Matt Foreman, Evelyn and Walter Haas, Jr. Fund

TITLE: Senior Program Director

FUNDING AREAS: LGBT rights, immigration

CONTACT:, (415) 856-1400

IP TAKE: Foreman is one of the most passionate philanthropic leaders you could ever hope to find these days. Haas obviously saw this spark and brought him in to take on its gay and lesbian grant support. And Foreman is doing exactly that. Oh yeah, and then there's that immigration program.

PROFILE: “The bottom line is that people need to tune out the message from the media and popular culture that gay and lesbian people are solidly in the mainstream now and enjoy the same rights as everyone else. We don’t, and it is causing real harm.” That was LGBT rights activist and lawyer, Matt Foreman's response to progress made in the marriage equality movement so far. Foreman is the Senior Program Director of the Evelyn and Walter Haas, Jr. Fund, in the thick of it for their gay & lesbian rights and immigrants rights programs. (A cool historical note: the Evelyn and Walter Haas, Jr. Fund was the first foundation of any kind to support marriage equality—Read Evelyn and Walter Hass Jr. Fund: Bay Area Grants.)

When all is said and done, he's been a leader in the LGBT rights movement for nearly three decades. Foreman joined Haas in 2008, after stepping down from the National Gay and Lesbian Task Force, where he worked for five years. Before that, he was the Executive Director of the NYC Gay & Lesbian Anti-Violence Project and the Empire State Pride Agenda. He's the founder of Heritage of Price, the organizer of LGBT pride events in New York City, and he's served on the board of Dignity/NY, an organization for gay Catholics, and the New York City Commission on Human Rights. Back in 1982, Foreman graduated from New York University School of Law, where he was a lead organizer of the 1979 national conference, “Law and the Fight for Gay Rights.”

Before devoting his career to the fight for gay rights, Foreman worked in prison policy and administration for ten years. He was the assistant commissioner of the West Virginia Department of Corrections, the executive assistant to the New York City correction commissioner, and the director of a medium/minimum security prison on Rikers Island.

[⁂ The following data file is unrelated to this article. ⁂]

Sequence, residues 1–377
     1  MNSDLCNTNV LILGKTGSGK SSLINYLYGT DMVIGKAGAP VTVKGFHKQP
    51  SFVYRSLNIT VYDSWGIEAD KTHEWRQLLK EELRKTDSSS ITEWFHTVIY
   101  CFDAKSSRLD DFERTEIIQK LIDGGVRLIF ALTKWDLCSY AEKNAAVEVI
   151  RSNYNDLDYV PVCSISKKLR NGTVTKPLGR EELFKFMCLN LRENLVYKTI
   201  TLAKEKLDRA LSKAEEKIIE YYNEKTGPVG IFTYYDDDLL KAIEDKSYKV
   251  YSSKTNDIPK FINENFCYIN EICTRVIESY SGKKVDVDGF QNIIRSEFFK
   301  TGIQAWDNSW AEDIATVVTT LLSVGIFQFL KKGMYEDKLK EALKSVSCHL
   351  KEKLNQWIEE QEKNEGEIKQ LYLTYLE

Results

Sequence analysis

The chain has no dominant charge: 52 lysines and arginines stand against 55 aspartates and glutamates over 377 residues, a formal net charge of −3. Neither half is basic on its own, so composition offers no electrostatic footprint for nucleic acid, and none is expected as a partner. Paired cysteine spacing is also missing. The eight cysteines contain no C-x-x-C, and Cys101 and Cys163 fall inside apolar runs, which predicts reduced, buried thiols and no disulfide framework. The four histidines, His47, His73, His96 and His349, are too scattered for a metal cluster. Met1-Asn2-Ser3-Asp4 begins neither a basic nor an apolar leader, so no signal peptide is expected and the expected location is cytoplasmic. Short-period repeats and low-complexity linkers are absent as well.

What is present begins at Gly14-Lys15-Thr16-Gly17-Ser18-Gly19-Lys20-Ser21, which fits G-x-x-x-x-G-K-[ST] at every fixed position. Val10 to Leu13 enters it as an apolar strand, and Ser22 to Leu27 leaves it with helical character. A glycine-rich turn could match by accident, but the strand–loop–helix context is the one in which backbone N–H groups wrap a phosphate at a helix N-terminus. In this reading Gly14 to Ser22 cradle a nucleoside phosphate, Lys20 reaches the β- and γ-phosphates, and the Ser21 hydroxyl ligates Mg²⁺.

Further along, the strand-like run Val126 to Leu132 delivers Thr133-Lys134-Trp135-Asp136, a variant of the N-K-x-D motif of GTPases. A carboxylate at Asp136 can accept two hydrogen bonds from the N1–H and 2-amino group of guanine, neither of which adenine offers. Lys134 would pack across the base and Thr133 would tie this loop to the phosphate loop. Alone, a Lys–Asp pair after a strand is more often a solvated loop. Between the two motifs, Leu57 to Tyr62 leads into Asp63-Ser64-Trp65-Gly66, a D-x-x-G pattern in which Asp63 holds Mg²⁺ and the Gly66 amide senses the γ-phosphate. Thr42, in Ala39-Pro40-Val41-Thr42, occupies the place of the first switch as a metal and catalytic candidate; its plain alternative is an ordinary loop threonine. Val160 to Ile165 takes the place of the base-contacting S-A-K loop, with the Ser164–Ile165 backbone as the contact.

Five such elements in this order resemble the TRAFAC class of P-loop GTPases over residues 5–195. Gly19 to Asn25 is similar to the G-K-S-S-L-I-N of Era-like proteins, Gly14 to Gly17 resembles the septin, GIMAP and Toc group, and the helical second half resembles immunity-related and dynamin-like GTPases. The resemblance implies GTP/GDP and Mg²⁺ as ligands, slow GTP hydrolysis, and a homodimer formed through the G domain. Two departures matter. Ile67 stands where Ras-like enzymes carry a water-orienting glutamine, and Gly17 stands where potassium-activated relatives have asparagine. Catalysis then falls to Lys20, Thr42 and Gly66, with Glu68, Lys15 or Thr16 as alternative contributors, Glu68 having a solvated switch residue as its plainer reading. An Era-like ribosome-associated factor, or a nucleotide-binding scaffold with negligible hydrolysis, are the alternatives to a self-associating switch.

Today, Foreman directs a $10 million grant program that focuses on gay and immigrant rights. The Evelyn and Walter Haas, Jr. Fund provides more grant support to LGBT nonprofits than any other non-gay-identified foundation in the country. Since Haas first made that commitment in 2001, the foundation has awarded grants totaling more than $60 million in this focus area.

As a long-time leader in the LGBT community, Foreman is sticking up for LGBT leaders and helping the public see that there's still a lot of uphill battles to be won. At the fund he has a first-hand view of how nonprofit leaders are are too stressed out and burnt out to think about anything beyond putting out daily fires. An answer to this problem is Haas Jr.'s Flexible Leadership Awards, which provide multi-year support in amounts between $35,000 and $50,000.

Foreman is also the director of Haas Jr.'s immigrant rights program. The foundation has been awarding grants in this focus area since 1999, totaling over $35 million. It makes sense that Foreman is the director of this immigration program. In Foreman's recent The Bilerico Project blog post, he compared the HIV/AIDS struggles of gay Americans with the citizenship struggles of American immigrants. “And, just like HIV/AIDS, the broken immigration system needs a fair, humane and comprehensive response, not one that elevates the 'good' immigrants while penalizing and stigmatizing the supposedly 'bad' ones,” he wrote. In his Towleroad blog post, he commented, “it's nearly impossible for minorities to win or defend their rights at the ballot box.”

Foreman is one of the most passionate philanthropic leaders you could ever hope to find these days. The Evelyn and Walter Haas, Jr. Fund obviously saw this spark and brought him on to ramp up it's LGBT grant support. And Foreman is doing exactly that. "The reality is that we’re making progress and the progress is accelerating," Foreman has said. "A hundred years from now, people will look back and will really appreciate what the gay movement did to foster a better, more just and less oppressive notion of family."